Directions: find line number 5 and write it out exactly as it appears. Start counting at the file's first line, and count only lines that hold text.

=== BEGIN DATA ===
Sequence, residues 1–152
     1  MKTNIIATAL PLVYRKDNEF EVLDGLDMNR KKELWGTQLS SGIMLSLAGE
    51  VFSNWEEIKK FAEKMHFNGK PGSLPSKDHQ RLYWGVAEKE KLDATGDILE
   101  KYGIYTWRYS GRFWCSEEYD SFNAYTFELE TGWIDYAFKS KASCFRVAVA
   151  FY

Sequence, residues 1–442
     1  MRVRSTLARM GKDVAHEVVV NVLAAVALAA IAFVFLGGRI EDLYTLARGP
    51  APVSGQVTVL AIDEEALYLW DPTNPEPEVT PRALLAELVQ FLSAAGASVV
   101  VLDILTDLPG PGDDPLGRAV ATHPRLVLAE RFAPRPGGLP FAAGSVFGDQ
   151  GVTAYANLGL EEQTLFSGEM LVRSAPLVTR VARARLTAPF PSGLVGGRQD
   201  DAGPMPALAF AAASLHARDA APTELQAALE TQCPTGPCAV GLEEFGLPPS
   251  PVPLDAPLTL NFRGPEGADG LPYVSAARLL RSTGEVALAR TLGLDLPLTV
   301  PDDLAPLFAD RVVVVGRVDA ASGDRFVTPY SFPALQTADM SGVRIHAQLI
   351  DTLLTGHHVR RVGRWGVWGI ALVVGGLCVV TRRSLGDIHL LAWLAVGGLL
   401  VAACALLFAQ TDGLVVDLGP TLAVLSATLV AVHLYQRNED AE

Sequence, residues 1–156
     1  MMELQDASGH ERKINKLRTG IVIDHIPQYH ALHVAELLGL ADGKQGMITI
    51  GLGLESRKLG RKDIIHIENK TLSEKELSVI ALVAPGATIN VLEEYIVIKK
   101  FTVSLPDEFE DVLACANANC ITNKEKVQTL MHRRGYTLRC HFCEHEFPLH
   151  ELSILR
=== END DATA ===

   151  FY